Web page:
Stop listening to what these clowns are telling you and do the math yourself. McClatchy is bleeding, with almost every thing they bring in going to pay the interest on their loans. An extra 400 million that they lost on the Tribune deal would have had no effect on their rate of bleed.

Anonymous said...

The reason KR was sold was because of one manager of a Hedge fund in Florida. It was McClatchy's bone headed decision to buy a company that was TOO big. Here is the solution for MCClatchy to be in the black now. Close or sell ALL California & Miami papers.

Dave D. said...

...If K-R stockholders forced the sale of the company as reported, then good on them : They owned it, not management, not the employee's. The McClatchy family didn't have the sense to sell the company OR to change the management. BAD ON THEM, and all the morons who bought stock without control.
..It would appear that the McClatchy's think they can ride this out, cut back and survive until folks start buying newspapers again. What a pipe dream. It's terminal. Fini. Kaput. There will be no newspaper revival and internet readers won't pay for content. What's not free will fail. Folks won't pay for the crap McClatchy puts out. All changed, changed utterly : A terrible beauty is born.

Anonymous said...

“Close or sell ALL California …… papers.”

Some people say the SacBee is like a sacred cow, and employees don’t know the half of the favoritism shown this KNOWN failure. I don’t suppose there is anyway to know these things for sure.

Anonymous said...

There was a comment here once that said the McClatchy BOD is completely inbred, I guess meaning all family members. Is that the way with a lot of boards?

Anonymous said...

The NYT posts a BIG story about how bad things are in Fort Myers, FL, and then Obama goes there for a photo op for his stimulus bill. More insincere marketing, and smoke and mirrors for the little folks. The word charlatan comes to my mind, not savior.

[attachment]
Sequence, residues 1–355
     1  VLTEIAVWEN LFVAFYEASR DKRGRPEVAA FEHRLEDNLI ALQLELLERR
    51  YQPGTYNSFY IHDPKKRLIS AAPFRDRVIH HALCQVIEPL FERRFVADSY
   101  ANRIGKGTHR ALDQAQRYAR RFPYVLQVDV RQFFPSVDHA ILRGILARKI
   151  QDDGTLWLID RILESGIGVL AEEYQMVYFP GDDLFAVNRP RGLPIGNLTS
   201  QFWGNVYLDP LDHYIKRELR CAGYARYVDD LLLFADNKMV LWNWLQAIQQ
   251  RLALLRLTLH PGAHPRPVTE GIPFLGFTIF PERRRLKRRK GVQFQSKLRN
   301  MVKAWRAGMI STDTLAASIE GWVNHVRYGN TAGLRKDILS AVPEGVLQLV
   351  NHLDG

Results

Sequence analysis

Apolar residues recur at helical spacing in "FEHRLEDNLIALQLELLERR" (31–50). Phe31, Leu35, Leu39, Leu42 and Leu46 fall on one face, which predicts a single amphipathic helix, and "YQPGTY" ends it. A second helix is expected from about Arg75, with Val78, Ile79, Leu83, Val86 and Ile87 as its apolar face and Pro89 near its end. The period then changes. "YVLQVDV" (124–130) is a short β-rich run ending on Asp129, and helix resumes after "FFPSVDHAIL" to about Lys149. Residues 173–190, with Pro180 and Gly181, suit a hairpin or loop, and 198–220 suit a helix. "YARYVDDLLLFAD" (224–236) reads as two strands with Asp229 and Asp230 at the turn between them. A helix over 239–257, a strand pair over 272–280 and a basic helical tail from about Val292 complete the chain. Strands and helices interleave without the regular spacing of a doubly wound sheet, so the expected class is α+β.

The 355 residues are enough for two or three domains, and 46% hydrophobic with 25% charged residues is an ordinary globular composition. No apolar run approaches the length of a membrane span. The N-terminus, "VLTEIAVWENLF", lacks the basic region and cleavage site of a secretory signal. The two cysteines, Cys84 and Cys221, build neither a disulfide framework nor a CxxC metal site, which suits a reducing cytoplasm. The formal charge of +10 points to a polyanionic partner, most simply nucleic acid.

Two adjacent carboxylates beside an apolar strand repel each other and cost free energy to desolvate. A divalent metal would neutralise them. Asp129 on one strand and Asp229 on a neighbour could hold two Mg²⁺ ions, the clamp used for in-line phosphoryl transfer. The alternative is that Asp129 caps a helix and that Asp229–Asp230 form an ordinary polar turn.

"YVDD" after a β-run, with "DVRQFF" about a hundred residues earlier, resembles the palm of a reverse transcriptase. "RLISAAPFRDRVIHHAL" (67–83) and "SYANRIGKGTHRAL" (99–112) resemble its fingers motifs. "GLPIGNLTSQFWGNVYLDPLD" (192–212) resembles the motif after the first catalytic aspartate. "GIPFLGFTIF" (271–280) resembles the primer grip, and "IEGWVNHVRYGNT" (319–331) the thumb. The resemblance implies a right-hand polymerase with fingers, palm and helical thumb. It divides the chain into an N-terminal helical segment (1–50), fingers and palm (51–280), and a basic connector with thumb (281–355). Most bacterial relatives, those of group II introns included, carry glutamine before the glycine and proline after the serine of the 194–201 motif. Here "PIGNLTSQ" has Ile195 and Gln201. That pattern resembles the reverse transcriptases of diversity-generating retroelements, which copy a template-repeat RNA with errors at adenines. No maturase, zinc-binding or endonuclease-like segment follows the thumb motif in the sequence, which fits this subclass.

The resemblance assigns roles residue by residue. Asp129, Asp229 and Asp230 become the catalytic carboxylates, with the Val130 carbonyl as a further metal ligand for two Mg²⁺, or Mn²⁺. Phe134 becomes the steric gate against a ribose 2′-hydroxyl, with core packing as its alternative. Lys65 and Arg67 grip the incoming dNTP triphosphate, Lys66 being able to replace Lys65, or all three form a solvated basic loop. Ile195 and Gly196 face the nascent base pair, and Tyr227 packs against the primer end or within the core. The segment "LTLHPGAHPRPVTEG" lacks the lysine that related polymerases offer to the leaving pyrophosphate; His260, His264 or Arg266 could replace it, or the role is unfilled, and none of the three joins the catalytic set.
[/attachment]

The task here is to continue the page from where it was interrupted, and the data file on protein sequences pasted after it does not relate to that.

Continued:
Anonymous said...

And the good news is:

Although the decline of the traditional newspaper business and business model is lamentable, there is always and upside and this is it. Fewer trees will be sacrificed to print newspapers that fewer and fewer people are reading.

That's newspapers 0, Earth 1.

http://eyeonthesentinel.blogspot.com/

Anonymous said...

What a collection of nitwits.

Anonymous said...

Information awareness from the Tribune employees:

Comment from Tribune employee:
Anonymous said...
Interesting that our once 'over funded' pension plan is now in danger of being under funded. Between the downturn in investments and Tribune's [decision to raid the pension fund for severance payments] and funding the new ESOP the pensions of all long time Tribune employees is in jeopardy.

Anonymous said...
And don't count on cashing out your pension plan in a lump-sum payment. Tribune just sent out a notice stating that for the time being, "The plan is prevented from offering eligible participants the option of receiving a lump sum ...".